Vietnam Commander Sees a Quicker End to Gulf War

<i> From Associated Press</i>

An old soldier looked back Tuesday on America’s longest and most unpopular war and ahead to an uncertain one.

Gen. William C. Westmoreland, the 76-year-old former commander of U.S. forces in Vietnam, said he sees the Persian Gulf War lasting a couple of months at the minimum, a year at the maximum.

In a telephone interview from his retirement home in Charleston, S.C., Westmoreland said U.S.-led forces may have to launch a ground offensive against fortified Iraqi forces in Kuwait, as well as Iraq itself.

“We’ll take casualties, there’s no question,” he said. Whether a ground assault will be needed depends on whether Iraqi soldiers can withstand bombing by the B-52, he said.


The Vietnam War lasted more than 10 years, and American forces suffered nearly 60,000 dead.

Anti-war sentiment, massive demonstrations and eroding public support eventually brought U.S. forces home in 1973.

Today’s demonstrators, Westmoreland said, are a very small segment of society.

“I don’t think they have any effect on the troops. I think the best thing is to ignore them,” he said.


Looking back 25 years ago when he commanded 550,000 troops in Vietnam, Westmoreland said, “It was a limited war with limited objectives fought with limited means. That added up to limited public support.”

He said the Johnson Administration did not want to broaden the war for fear of drawing China and the Soviet Union into it. Both were supporting the North Vietnamese with military equipment and advisers.

China entered the Korean War when American forces intervened there a decade earlier.

“They wanted to confine it to the battlefield of Vietnam,” Westmoreland said.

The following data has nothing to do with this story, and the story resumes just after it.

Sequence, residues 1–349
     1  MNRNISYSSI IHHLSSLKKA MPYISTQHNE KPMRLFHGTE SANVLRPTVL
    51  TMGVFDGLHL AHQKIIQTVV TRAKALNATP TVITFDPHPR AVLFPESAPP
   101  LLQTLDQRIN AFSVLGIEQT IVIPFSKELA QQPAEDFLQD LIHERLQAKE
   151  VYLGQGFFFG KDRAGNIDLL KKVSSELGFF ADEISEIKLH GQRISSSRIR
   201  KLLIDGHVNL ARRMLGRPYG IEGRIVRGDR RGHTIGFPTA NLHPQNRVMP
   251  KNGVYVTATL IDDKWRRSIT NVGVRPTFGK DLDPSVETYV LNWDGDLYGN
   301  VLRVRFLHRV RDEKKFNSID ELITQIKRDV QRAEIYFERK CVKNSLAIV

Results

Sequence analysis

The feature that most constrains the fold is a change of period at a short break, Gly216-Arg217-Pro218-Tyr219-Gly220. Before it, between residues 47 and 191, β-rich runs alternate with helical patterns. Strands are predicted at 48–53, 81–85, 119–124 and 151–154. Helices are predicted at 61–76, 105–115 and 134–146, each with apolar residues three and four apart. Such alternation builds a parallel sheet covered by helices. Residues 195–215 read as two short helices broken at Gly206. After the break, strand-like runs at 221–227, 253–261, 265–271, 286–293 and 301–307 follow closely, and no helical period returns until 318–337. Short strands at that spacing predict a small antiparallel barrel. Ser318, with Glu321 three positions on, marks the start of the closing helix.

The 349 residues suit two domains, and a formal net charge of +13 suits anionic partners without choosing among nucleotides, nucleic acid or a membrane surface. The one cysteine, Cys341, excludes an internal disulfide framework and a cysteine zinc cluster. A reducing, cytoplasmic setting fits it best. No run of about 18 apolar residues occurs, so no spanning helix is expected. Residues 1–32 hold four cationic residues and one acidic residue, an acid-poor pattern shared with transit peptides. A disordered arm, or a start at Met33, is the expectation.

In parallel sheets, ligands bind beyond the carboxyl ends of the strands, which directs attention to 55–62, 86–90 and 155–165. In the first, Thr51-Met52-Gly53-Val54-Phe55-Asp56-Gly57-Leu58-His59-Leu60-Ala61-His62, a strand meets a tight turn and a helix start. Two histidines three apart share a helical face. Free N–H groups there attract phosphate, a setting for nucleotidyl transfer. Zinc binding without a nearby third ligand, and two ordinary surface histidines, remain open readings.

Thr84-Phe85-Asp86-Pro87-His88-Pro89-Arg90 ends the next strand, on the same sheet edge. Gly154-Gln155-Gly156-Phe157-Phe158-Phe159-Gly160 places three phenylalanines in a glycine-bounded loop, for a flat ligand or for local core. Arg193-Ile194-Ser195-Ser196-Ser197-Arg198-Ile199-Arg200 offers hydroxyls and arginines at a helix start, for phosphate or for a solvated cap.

He said U.S. infantry forces were not allowed to cross into neighboring Cambodia and Laos until the early 1970s to attack North Vietnamese bases and supply lines.

The bombing campaign against Vietnam, often restricted geographically and often halted for political reasons, was controlled by Washington and not by him, Westmoreland said.

“The targets were approved in Washington,” he said. “So it was a restrained war.”

Iraq, he said, does not have China or the Soviet Union as an ally.


“Saddam Hussein is on his own. Look at the vote of the United Nations (approving use of force against Iraq). There was no vote of the United Nations during the Vietnam War.”

Westmoreland said the stakes and strategic value of the Persian Gulf are higher than Vietnam.

“The American people couldn’t quite see the relevance of Vietnam to their future or to their security,” he said.

“We’ve got oil involved over there (in the Mideast) now. Saddam Hussein has the ambition to control oil points.”

Westmoreland said American forces and weapons in the Middle East today are the best in the history of the country.

He contrasted the Vietnam-era draftees to today’s all-volunteer Army, equipped with sophisticated weapons such as the Patriot missile, which he called a “technological marvel.”